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Archive for September, 2013

CPR using Stayin Alive song

Sep
20

Date: September 20th, 2013

Saving lives using Stayin’ Alive tune to administer CPR‘Ah, ah, ah, ah, Stayin Alive Stayin Alive’ x2 sung the Bee Gees, a popular music group formed in the 1950’s. Little did they know that this song would not only be more than just a fan favorite, but also a tune that would be used to save people suffer having cardiac arrest.

Poor survival in in-hospital CPR

Sep
19

Date: September 19th, 2013

Stagnant survival rate in in-hospital CPRThe death rate resulting from patients who received in-house cardiopulmonary resuscitation has increased. The same negative effect has been portrayed in a drop on the rate of survivors being released from hospitals after going through CPR procedures. This was reported by the William J. Ehlenbach (University of Washington) and colleagues.

Kids CPR

Sep
18

Date: September 18th, 2013

Duration of CPR May Be a Factor in Kids' SurvivalIt came to the knowledge of researchers that children who suffer in-hospital cardiac arrests are often deprived of some benefits when exposed to a much longer cardiopulmonary resuscitation period. The research took a study of 3,419 children to prove the matter. Of that population, 28% were able to survive until they were released from hospital. 16.6% of these patients who survived had been receiving the CPR for more than 35 minutes.

Rescue breathing in CPR

Sep
17

Date: September 17th, 2013

Unnecessary mouth-to-mouth procedure during CPRA meta-analysis was done on three separate dispatcher-assisted CPR with some involving mouth-to-mouth ventilation, while others without. According to Peter Nagele, (MD of Washington University School of Medicine in St. Louis) CPR that only used chest compressions was seen to improve the chances of the patient’s survival by 22%. This represented a 2.4% absolute increase in survival.

New CPR technique

Sep
16

Date: September 16th, 2013

Why chest compressions are better than mouth to mouthAdministration of mouth to mouth procedure has sidelined many people who are just a few minutes away from saving the life of a person whose heart has abruptly stopped. In their efforts to address such concerns, in 2010, American Heart Association changed its standards in advocating for the hands- only CPR.

Hand only CPR

Sep
15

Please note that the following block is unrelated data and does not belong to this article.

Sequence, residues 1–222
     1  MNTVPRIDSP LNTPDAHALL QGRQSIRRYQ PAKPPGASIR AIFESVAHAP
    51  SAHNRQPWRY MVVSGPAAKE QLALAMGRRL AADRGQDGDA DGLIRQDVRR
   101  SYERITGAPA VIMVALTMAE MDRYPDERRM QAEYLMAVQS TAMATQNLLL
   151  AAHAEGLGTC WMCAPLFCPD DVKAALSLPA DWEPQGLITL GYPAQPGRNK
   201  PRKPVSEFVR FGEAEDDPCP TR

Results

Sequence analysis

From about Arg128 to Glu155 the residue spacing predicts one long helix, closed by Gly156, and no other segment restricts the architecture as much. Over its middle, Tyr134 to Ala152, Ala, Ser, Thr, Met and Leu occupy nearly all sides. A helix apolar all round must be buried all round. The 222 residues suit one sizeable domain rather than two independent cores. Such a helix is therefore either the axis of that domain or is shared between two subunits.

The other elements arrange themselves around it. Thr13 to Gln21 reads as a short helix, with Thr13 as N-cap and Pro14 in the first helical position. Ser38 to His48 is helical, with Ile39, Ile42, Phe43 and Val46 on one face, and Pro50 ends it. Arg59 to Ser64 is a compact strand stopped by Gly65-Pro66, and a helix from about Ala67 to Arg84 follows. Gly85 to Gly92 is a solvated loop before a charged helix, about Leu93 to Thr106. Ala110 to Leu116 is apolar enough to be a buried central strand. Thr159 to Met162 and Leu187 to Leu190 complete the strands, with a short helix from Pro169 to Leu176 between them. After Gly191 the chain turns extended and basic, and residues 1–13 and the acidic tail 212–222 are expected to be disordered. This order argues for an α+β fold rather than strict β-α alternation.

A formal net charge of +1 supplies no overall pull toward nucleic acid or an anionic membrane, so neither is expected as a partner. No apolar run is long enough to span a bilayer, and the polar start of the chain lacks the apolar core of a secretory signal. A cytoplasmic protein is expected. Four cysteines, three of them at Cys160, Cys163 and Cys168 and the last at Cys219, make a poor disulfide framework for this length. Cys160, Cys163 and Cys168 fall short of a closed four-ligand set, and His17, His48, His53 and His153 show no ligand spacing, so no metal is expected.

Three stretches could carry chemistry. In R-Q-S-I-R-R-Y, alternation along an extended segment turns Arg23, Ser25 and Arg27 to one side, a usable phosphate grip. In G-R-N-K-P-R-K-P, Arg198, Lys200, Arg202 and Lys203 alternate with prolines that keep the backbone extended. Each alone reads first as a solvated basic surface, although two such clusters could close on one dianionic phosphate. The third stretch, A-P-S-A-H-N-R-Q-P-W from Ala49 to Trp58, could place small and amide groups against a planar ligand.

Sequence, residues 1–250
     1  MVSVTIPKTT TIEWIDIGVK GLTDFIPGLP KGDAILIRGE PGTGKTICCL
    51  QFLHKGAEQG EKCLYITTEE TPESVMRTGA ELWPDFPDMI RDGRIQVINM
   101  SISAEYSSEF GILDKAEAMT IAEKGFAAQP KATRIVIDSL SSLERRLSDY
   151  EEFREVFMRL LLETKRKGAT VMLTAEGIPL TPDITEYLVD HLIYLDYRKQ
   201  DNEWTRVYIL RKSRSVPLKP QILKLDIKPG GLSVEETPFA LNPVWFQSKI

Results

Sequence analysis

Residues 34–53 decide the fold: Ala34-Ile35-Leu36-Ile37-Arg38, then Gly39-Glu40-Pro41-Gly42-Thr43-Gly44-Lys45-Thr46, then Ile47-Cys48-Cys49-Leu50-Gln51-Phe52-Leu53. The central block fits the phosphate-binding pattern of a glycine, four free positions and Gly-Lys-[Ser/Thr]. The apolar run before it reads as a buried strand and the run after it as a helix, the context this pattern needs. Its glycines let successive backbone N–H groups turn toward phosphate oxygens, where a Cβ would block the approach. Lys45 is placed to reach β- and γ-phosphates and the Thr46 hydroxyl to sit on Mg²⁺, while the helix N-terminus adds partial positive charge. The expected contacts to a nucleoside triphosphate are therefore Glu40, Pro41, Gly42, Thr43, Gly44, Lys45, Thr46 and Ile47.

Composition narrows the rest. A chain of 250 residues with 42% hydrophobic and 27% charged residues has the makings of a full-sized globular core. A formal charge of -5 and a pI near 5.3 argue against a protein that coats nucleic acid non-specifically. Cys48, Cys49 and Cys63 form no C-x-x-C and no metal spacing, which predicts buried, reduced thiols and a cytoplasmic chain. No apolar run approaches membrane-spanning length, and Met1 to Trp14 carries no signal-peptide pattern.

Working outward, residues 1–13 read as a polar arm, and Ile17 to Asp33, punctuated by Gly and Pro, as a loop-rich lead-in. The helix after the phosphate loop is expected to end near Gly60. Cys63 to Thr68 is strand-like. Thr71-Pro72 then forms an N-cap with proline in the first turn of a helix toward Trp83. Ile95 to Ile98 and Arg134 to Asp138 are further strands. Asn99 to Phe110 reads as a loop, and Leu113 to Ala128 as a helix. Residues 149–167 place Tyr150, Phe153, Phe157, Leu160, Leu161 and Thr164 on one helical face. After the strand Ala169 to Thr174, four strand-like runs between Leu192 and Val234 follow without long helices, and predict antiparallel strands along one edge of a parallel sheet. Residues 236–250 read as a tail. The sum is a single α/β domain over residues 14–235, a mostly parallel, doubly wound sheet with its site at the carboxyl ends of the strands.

Date: September 15th, 2013

Higher survival witnessed when using hands-only CPRAccording to a Japanese study, there is a higher chance of cardiac arrest survival when a by-stander uses chest compression cardiopulmonary resuscitation. It was also observed by Takuiwami, (MD, PhD, of the Kyoto University Health Service in Kyoto, Japan) and colleagues that there was 40.7% chance of survival of the out-of-hospital patients living independently from external help.

Compression only CPR

Sep
14

Date: September 14th, 2013

The success rate of different CPR methodsA 5 year observational analysis on more than 4000 cases of out of hospital cardiac arrests showed that the patient had a 60 percent chance of surviving when bystanders provided the simpler hands on CPR method. This eliminated the need for interrupting chest compressions with mouth to mouth CPR rescue breathing, reported Bentley Bobrow, of Arizona Department of Health Services.

Averting a dangerous emergency with CPR

Sep
13

Date: September 13th, 2013

What CPR can do during heart attack and cardiac arrest?Without oxygen, vital organs like the brain only have very few minutes to survive before a serious damage can happen. As such, when a person’s heart beating or breathing stops, it is essential to know how you can save a life. CPR is a very simple but highly important procedure which everyone must know how to perform.

Conventional CPR for children in arrest

Sep
12

Date: September 12th, 2013

A Japanese study has shown that children who suffering from a cardiac arrest out of hospital can have a positive neurologic outcome when provided with a CPR by a bystander. As per the findings of the study, bystander cardiopulmonary resuscitation doubled the chances of a favorable/ positive neurologic outcome (category 1 or 2 of Glasgow- Pittsburg cerebral performance) compared to the outcome when no CPR is offered, according to new findings reported in The Lancet.

Introducing CPR/ Cardiopulmonary resuscitation

Sep
11

Date: September 11th, 2013

CPR is a technique that can save life during situations that compromise a person’s cardiopulmonary system. This can be stopping of the heartbeat or when the patient has some breathing difficulties. The American Heart Association advises that everyone, including medical personnel and untrained bystanders start the CPR process with chest compressions. Even if you are afraid that your abilities and CPR knowledge is not a 100$ complete, doing something is by far much better than doing nothing. This can save the patient’s life.